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Re: [ietf-smtp] [Uta] New Version Notification for draft-levine-additional-registered-clauses-00

2019-01-28 20:38:06
On 24 Jan 2019, at 11:56, John R Levine wrote:
Apropos of recent discussions about SNI logging, here's a draft that adds an SNI clause to Received: headers, and per Chris Newman's suggestion, changes the registry criteria to Expert Review so you don't need to publish an RFC merely to register a new clause.

I have some different comments about this. Sometimes thinking through the consequences of a seemingly simple suggestion makes it less simple... Sorry 'bout that.

1. I don't believe a stable reference should be required. In many cases, a single paragraph of text that can live in the IANA registry is sufficient to precisely document the semantics of a Received clause. The expert reviewer can validate if the provided text is sufficient. If references are provided, it's desirable for them to be stable, but I don't see why it should be a strict requirement -- we don't have such a requirement for vendor/private media types and having those types registered provides benefits to the community even without a stable reference.

2. The "additional registered clauses" is presently a sub-registry of the "Mail Transmission Types" registry within the "mail parameters" registry category. I suggest we rename this to "additional registered Received clauses" and make it a top-level registry in the "mail parameters" category -- this should make it easier to find on the web page.

3. Rather than having to go read section 8 of RFC 5321 to know how to register one of these, I suggest we copy the text from that section relevant to this registry so it's all in one specification.

4. The expert reviewer should verify that the syntax of the clause value is well-defined and complies with the "received-token" syntax in RFC 5322.

5. Noting an appropriate mailing list where public review of a proposal is appropriate can be helpful for expert review registration procedures.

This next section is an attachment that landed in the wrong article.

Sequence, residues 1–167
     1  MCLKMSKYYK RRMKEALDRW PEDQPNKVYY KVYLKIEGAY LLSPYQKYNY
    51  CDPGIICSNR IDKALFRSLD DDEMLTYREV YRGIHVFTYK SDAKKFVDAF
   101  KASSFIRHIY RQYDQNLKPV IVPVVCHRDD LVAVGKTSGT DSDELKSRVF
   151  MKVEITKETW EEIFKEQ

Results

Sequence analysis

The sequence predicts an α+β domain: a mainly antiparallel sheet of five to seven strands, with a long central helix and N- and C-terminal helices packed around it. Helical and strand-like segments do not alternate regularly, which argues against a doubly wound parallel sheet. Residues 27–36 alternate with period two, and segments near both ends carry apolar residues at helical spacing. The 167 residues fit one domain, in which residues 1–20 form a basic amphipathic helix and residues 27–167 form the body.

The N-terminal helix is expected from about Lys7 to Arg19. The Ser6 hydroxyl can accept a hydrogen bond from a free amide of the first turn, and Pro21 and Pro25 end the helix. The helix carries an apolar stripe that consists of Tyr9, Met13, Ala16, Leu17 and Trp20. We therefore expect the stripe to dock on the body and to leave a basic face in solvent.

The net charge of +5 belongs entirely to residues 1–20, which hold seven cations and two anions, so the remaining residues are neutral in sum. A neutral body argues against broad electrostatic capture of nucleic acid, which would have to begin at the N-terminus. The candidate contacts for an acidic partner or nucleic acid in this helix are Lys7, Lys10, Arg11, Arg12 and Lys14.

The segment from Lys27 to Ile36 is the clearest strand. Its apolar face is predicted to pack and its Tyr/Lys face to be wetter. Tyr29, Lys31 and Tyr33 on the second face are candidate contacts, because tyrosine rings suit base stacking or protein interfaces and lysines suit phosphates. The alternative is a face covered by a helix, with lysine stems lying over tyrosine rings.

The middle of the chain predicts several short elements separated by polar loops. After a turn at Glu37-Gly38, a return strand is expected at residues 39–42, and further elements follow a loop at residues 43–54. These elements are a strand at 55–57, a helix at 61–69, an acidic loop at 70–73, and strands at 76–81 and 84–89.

6. I believe a consequence of making the registry expert review rather than IESG action is that we should add an item to the registration template of "privacy/security considerations". I believe the discussions the media types reviewer has with the authors of media type specifications have a generally positive effect on the resulting technology and are much less of a burden than a full standards process. I recommend using text from the media types registration procedures (RFC 6838 section 4.6) as a starting point.

7. Unfortunately, the perspective the IETF (and the industry) has towards privacy/security considerations has evolved since the considerations in RFC 2821 / 5321 were written. As a result, I think RFC 5321 section 7.6 is no longer adequate by itself. I think this document is a good place to provide the additional security considerations for Received headers that weren't covered in that section.

Here's a first attempt:

Additional Security Considerations for trace Headers

The security considerations in section 7.6 of RFC 5321 are updated to include this additional information:

Trace information in email headers is normally disclosed when stored email is disclosed. Stored email has additional attack vectors that are not present for in-transit email. As a result, information in trace header fields that would not otherwise be available to the recipient of the email, such as the domain and IP address of hosts involved in the transfer, may have privacy implications. On the flip side, compromised client accounts, abuse, and phishing (as defined in RFC 5901) are serious security threats for email. As a result, server software is encouraged to provide configuration settings such that privacy-sensitive service providers can hide more information and attack-sensitive service providers can record more information in trace headers.

The source host and IP address of the initial submission client can be particularly sensitive from a privacy perspective. A submission server [RFC 6409] SHOULD offer an operational mode such that the mandatory "from" clause contains "omitted.invalid" as the domain name, the IP address is omitted from the "from" clause, and the ID clause contains an identifier that can be used to retrieve that information from server logs for the server's configured log retention period when necessary to mitigate abuse attacks, compromised client credentials, or similar attacks. The identifier used for this purpose should be generated using a mechanism, such as a secure hash function, that does not disclose additional information.

other suggestions/word-smithing are welcome.

I'm opposed to having any discussion of ESNI in this document prior to the publication of an ESNI RFC. One option to reduce the controversy would be to simply remove the SNI-related clauses from this RFC and make them the first exercise of the new registration process.

                - Chris

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